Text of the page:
I did not see the emergency evacuation system in the Grenfell Tower but from looking at the BBC commentary on a similar tower block in the vicinity there did not seem to be any markings at all in the stairwells. However if we assume as a minimum that there were high level mounted electrical EXIT signs above main escape doors combined with escape plans on each floor this was clearly not enough to help people in these extreme conditions.

The Photoluminescent Safety Products Association is a Trade Association representing the voice of companies worldwide who promote the use of Photoluminescent materials (incorporated into paint, plastic and printed products). These absorb UV energy, then store and re-emit it in the form of visible light for many safety applications. The great benefit of Photoluminescent (PL) systems is that in the event of a total power failure they provide sufficient light to give directional indications on an escape route.

Examples of Photoluminescent low level applications.

There was an interesting study made by Ilmenau University in Germany in 2003 where PL systems were compared with electrical evacuation systems in smoky conditions (typical of an emergency situation). The study concluded that continuous lines of low ambient light fitted at a low level (c1m off the floor) were found to be much more effective as an escape route marking system than high mounted high brightness electrical sources which in smoke could be obscured and cause disorientation due to light scattering effects.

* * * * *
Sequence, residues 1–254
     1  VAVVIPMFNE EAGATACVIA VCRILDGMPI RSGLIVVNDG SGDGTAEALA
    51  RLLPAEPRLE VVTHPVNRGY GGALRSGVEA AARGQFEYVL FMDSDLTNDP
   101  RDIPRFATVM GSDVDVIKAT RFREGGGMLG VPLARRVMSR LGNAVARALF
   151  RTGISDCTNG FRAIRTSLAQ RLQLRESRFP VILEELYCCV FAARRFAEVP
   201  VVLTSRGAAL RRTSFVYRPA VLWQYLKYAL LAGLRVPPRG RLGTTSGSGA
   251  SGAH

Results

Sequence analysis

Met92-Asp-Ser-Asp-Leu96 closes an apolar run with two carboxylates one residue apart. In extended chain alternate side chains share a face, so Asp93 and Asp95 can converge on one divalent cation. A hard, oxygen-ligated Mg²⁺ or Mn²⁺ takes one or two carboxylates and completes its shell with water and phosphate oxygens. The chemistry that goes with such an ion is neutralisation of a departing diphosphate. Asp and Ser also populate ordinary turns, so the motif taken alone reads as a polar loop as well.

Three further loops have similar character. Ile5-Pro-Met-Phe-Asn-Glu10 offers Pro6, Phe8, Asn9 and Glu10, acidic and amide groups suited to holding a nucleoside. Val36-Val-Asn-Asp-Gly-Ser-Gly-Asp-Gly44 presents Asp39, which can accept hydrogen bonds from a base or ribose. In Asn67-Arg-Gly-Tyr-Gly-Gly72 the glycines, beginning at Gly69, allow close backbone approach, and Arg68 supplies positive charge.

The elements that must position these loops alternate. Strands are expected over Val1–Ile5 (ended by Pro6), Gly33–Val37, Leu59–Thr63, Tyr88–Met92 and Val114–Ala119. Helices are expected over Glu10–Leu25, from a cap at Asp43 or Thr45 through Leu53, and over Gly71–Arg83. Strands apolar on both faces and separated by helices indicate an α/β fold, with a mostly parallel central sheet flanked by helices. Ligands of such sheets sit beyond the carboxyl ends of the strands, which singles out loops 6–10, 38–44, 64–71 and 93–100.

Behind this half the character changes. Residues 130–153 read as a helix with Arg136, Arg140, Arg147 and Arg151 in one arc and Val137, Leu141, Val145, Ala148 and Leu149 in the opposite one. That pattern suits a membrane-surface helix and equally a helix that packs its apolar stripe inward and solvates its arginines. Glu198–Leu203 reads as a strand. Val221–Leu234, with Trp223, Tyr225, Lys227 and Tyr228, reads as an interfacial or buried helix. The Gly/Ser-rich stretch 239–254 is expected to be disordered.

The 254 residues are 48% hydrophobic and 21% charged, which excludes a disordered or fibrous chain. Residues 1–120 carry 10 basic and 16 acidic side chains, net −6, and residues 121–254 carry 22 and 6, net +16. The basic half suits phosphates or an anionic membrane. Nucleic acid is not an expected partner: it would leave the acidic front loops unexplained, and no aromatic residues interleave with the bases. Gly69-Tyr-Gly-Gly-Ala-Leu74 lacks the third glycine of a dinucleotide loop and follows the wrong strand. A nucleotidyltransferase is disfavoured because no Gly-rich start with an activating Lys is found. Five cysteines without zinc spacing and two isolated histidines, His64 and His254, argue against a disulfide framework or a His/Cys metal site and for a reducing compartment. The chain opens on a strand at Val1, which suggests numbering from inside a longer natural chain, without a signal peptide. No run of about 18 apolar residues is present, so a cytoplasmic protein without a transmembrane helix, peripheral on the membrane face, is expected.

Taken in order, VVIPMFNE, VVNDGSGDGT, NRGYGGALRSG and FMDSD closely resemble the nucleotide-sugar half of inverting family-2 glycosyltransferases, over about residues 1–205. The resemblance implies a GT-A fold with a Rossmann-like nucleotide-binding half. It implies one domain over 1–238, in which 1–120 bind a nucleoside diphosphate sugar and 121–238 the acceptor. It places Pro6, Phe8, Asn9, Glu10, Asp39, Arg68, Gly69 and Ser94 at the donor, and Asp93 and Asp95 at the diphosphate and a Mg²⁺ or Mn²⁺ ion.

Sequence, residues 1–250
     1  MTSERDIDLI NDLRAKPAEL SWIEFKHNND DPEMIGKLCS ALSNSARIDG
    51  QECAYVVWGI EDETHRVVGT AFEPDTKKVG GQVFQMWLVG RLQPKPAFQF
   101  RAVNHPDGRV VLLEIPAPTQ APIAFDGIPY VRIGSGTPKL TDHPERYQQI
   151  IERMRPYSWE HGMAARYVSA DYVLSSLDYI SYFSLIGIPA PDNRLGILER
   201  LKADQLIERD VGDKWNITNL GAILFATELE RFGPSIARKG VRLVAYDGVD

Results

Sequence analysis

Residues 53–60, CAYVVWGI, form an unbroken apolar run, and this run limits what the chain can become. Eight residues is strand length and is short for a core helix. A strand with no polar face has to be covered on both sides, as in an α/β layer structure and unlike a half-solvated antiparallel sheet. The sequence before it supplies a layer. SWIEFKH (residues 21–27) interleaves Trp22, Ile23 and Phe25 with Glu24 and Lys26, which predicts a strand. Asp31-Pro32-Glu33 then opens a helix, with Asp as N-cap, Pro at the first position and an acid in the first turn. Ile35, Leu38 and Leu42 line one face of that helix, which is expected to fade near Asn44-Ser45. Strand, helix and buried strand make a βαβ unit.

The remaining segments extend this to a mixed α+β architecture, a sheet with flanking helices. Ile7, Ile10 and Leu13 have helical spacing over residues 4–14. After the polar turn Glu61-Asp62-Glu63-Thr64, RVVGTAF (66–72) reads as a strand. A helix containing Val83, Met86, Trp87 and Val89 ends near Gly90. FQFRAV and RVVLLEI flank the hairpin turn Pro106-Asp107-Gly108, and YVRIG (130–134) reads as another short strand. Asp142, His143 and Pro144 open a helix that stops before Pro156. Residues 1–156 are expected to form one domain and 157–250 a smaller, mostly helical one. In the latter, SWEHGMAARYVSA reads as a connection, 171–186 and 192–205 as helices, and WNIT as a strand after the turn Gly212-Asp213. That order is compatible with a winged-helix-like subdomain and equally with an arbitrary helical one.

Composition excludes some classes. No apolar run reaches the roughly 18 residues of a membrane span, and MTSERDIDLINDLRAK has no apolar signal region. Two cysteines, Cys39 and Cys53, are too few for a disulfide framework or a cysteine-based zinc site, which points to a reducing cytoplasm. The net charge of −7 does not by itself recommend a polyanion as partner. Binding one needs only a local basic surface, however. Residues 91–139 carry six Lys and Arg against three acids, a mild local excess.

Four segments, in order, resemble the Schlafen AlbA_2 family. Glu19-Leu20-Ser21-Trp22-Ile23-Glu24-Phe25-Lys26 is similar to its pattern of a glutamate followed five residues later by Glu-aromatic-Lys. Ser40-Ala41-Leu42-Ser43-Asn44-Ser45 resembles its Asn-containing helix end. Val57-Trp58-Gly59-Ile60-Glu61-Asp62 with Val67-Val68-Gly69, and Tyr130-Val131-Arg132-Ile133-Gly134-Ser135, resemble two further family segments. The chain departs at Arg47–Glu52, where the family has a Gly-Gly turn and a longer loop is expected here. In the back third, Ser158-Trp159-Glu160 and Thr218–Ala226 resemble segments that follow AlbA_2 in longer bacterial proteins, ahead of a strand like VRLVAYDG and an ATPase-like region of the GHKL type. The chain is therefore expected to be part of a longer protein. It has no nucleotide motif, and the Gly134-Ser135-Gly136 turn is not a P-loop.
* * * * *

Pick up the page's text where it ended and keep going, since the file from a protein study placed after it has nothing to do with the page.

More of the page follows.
There were two subsequent studies made in 2007 and 2008 by the National Research Council in Canada (NRC) where different layouts of PL evacuation systems were tested in four stairwells to establish which was most effective at evacuating people in an emergency. These clearly demonstrated that a relatively simple and cost-effective system can significantly aid the fast evacuation from buildings.

The events of September 11 2001 in New York and the subsequent blackout in 2003 led to the implementation on May 31 2005 of ‘Local Law 26’. This specified the installation of low level PL systems in all stairwells of High-Rise buildings in New York City. The effectiveness of these systems had already been proven in 2001 to have enabled people to evacuate the Twin Towers in a total power failure situation in smoke when they might otherwise have perished.